We can save a species and I believe that we’re going to do it
Former England cricketer Kevin Pietersen, 38, has swapped Test runs for conservation as he shines a light on the world’s critically endangered rhinoceros population in National Geographic documentary series Save This Rhino. GEMMA DUNN finds out more
How did you come to be involved with Save This Rhino?
I WANTED to create a film about conservation. I’ve been involved in it since 2013 and I needed to develop trust within the conservation world and (prove) that I was the real deal, in terms of wanting to make a difference.
So it took a lot of time to really get to the right people, for them to understand what I was trying to do and how I was going to fit in under the radar to try to raise awareness.
It’s reached an Australian audience, as well as the UK. YEAH, it’s aired in Australia already and the reaction was incredible.
I was in Australia and a company that I was a global ambassador for owned National Geographic so I got set up with it in Australia and, to cut a long story short, we made a film and they bought in straight away.
Then the UK bought in and we’re in negotiations on a global level now so that we can show it everywhere.
So it’s very much a passion project for you, despite the global scale? THE genuineness that you see on screen, I think, is the only way to make a film.
We’re all friends and you know what? We’ve all got the same realistic goal. We want to save the rhino.
This is not just a job. Someone asked me: ‘Is there something you want to do for the next 20-25 years?’ I said ‘no’.
If we can save the rhino tomorrow, then I just want to go and play golf!
Petronel Nieuwoudt (founder of the Care for Wild Rhino Sanctuary) needs messengers, she needs awareness, she needs people branding what they do – that’s my job.
Your focus is on the poaching war in South Africa’s Kruger National Park. How can people help here?
THE British market is a big market – the pound goes a long way in South Africa when you convert it into rands so people donating and being generous can really make a difference.
We can save a species. There is an opportunity, financially, to put the technology in place in the southern part of the Kruger to make it a safe haven for animals. So we can do it and we believe that we’re going to do it.
How did you keep your emotions in check and how important was it to show viewers the truth, despite its brutality?
YOU never ever get over the numbness when you’ve seen a dead animal and you know that it has absolutely no medicinal value and no bearing at all on life.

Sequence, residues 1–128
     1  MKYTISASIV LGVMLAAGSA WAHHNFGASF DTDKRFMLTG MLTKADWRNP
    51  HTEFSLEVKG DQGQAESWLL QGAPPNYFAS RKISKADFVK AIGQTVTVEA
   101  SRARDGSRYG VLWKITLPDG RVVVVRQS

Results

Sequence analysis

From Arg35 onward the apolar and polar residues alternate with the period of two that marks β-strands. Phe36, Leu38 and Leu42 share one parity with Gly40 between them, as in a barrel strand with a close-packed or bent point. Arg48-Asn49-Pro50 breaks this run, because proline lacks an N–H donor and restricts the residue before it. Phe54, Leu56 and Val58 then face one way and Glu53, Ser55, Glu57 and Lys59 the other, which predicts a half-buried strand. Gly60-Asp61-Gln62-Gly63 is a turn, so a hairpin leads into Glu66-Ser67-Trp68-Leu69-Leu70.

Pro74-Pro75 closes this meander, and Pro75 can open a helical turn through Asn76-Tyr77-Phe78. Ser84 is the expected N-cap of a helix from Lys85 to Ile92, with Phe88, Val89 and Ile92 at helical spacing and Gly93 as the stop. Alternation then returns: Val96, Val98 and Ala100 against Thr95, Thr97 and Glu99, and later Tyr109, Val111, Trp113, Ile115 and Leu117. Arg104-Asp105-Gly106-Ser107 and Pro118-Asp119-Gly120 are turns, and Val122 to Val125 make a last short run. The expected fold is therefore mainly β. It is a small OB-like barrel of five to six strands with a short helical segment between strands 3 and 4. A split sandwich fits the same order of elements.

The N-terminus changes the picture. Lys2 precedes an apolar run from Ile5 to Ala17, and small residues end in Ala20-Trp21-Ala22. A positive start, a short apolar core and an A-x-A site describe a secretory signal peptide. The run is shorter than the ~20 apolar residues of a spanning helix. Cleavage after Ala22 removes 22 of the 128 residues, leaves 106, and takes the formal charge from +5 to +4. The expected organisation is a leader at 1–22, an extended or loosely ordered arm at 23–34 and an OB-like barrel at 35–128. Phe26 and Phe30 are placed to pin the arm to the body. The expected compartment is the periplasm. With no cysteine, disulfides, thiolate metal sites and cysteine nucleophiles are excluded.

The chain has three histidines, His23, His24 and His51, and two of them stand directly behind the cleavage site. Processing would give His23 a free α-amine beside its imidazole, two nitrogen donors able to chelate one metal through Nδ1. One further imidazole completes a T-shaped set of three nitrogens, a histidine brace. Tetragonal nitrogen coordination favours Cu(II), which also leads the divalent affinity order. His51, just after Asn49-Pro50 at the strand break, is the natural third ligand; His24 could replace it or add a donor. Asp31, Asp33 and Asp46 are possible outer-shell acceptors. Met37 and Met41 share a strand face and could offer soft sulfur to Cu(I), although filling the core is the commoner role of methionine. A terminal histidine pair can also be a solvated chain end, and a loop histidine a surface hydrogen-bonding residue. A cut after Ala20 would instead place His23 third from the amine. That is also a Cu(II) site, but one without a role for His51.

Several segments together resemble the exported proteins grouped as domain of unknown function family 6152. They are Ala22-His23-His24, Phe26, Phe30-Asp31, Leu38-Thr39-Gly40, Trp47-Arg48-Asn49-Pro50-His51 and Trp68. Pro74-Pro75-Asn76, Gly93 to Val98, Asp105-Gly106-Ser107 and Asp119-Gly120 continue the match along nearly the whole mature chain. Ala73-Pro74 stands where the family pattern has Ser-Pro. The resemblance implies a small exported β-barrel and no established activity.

You never get desensitised to what you’re seeing and what you’re smelling.
That smell, it touches your clothes or gets on to your shoe or on to your fingers ... it was everywhere.
(The brutal scenes) are there to shock people. I do that on social media dia all the time, I put up the most graphic things on Instagram to say ‘listen, this is what’s happening’. I’m not going to hide against it.
What did you learn from making the documentary?
I WANTED to just answer all questions so I needed to understand what people were going to ask. Because they were going to ask about poachers, pilots and the rangers, they were going to ask about Petronel and what she does. They were going to ask about the poor people, technology, everything, so we needed to cover all bases.
We made sure we were everywhere we were asked to be and we respected the space to do a good job but we also encompassed exactly what was going on.
That’s what people need to see, hear and read.
This venture is worlds away from your former cricket career. How has the transition made you re-evaluate your path?
I JUST love the fact that we are just
completely under the radar now and I don’t have the bravado of international sport.
(Rescued rhino) Arthur doesn’t have a clue who I am – in eight years’ time I wouldn’t be able to go into his pen.
And when I walk out of my balcony (in South Africa) and there’s buffalo, they don’t know how many Test runs I got.
I love that I can just be subservient, sort of, to nature and spend a lot of time bringing my children up in the bush.
How do you and your family split your time between your UK home and your lodge in the Kruger?
WE LIVE in Surrey, the kids’ school is here, but we’re a hop, skip and a jump from the lodge so if we don’t like what’s going on, weather-wise, we’re like: ‘Right, we’re outta here. Off to Heathrow.’
We built a lodge in the Kruger to go ‘this is what life’s all about’. It’s a great education for the kids.
■ Save This Rhino is on National Geographic on Monday at 10pm.
I put up the most graphic things on Instagram to say ‘listen, this is what’s happening’... Kevin Pietersen, above, and in his series, Save This Rhino, above left
Kevin with his wife, former Liberty X sing Jessica Taylor